So the real question the business owner needs to think about is, “Am I really ready to sell my business?”

Most of the time, the seller will not have really thought about the answer to that question, which is much more complex. Do you have the answers to each of the following questions?


  • What is my business really worth?
  • What will the net proceeds of a transaction total, after paying off the business debt and income taxes?
  • What amount will I need to net from the transaction to maintain my current lifestyle, and achieve my financial goals? 
  • What will I really do after the sale (extremely important)?
  • Are there issues in my business that may cause problems during due diligence (management team, customers, suppliers, legal, etc.)? 

The problem with negotiating with only one buyer

However, the question that most sellers have not considered is this, “If I only negotiate with one buyer, will I ever know if I received the best price?” There is a very old saying in the M&A world, “If you only have one buyer, you don’t have a buyer, they have you!” The buyer controls the timeline, controls the information flow, and controls the process – they have all of the leverage. At a minimum, the business owner should engage an M&A professional to level the playing field. The best case would be for the seller to engage an M&A professional to run a “limited process” in parallel with the unsolicited offer.  The investment banker prepares a brief outline of the business, and contacts 6-10 of the best possible buyers, and will usually find other interested parties. This strategy shifts the leverage back to the seller, and allows the business owner to “keep the buyer honest.”


One of the strategies of a buyer who is in an exclusive process with a seller is to stretch out the process, which is emotionally taxing to the business owner, emotionally draining over time, and results in “deal fatigue.” The buyer may keep asking for pieces of information, delay in actually putting a written offer together, or ask for concessions after the offer is made. Without any leverage, the seller’s only option is to walk away from the table and terminate the process, which is very difficult after significant time, energy, and emotions have been invested over 6-9 months. Most of the time the seller has invested so much time, energy, and resources in the transaction that they agree to concessions just to get to closing.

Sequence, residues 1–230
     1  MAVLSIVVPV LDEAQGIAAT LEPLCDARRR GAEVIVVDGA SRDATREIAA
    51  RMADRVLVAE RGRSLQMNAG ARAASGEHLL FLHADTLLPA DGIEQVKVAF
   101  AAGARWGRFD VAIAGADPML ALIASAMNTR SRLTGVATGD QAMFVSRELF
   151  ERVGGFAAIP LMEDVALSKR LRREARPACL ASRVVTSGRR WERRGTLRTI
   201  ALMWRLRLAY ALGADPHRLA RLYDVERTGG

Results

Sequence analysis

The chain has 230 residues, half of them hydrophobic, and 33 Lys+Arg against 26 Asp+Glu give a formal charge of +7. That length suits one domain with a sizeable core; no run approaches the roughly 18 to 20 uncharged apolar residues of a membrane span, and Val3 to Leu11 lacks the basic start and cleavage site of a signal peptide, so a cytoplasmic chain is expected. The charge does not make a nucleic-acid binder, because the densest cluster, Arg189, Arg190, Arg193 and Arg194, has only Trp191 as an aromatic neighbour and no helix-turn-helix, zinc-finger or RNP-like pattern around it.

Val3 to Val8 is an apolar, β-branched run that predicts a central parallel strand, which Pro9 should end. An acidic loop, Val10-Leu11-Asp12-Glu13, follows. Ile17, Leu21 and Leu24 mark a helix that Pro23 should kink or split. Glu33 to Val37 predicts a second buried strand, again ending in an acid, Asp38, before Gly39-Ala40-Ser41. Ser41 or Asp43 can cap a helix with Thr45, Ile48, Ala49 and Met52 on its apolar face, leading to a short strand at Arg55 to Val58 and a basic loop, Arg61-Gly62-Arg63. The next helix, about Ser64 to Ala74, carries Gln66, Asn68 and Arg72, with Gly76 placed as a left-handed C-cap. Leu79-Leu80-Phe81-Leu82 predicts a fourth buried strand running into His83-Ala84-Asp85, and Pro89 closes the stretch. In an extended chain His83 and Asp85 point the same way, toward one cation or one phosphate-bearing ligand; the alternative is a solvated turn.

The worst result can be a transaction that does not meet the seller’s financial needs, falls apart at the eleventh hour after the buyer has obtained sensitive information, or the seller does not have any real plans for life after closing.

Case study

We met with the owners of an excellent business about 15 months ago, who had been approached by a strategic buyer. The owners are at retirement age, and very open to a transaction.  Almost 50% of the consideration for the business in the buyer’s current offer was in the form of an “earnout”, however, and that was a real concern. We suggested engaging our firm to work with that buyer to improve the terms of that offer, while also contacting 6-8 other possible buyers to solicit additional offers, for two important reasons. First, to gain leverage with the one buyer, and keep that process moving, and second, to let the seller know what other buyers might offer for the business. The seller chose to “go it alone” with the one buyer. Their CPA called us 10 months later and said that the deal never closed, and the seller is back to square one, weighing their options. The seller has now invested significant time, energy, and emotions into a process that did not produce a result, and will probably be starting all over again.